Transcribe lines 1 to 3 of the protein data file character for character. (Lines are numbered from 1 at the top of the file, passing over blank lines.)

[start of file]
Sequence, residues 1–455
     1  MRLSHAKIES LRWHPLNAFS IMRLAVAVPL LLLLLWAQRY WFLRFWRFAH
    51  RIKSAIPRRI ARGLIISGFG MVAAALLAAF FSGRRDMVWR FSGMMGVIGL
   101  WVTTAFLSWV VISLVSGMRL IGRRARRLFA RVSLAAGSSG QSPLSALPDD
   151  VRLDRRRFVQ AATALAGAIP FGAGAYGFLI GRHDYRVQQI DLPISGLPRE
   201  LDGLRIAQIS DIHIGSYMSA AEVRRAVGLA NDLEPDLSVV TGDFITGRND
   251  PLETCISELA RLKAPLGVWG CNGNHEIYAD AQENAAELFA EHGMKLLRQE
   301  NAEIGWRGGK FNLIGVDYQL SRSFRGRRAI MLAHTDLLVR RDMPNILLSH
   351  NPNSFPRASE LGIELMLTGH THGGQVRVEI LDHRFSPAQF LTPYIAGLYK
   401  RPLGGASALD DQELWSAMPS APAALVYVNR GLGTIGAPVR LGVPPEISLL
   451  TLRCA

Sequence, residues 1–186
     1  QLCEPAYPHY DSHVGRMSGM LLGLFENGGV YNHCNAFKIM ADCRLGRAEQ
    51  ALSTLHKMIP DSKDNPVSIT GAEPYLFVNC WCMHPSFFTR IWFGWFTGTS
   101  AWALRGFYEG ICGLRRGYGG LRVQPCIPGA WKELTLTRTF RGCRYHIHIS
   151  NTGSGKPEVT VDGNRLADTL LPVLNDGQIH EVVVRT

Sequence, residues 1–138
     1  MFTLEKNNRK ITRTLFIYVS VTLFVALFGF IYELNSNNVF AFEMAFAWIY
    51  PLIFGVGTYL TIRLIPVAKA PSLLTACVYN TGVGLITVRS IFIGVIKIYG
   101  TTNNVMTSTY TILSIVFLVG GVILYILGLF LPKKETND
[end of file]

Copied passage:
Sequence, residues 1–455
     1  MRLSHAKIES LRWHPLNAFS IMRLAVAVPL LLLLLWAQRY WFLRFWRFAH
    51  RIKSAIPRRI ARGLIISGFG MVAAALLAAF FSGRRDMVWR FSGMMGVIGL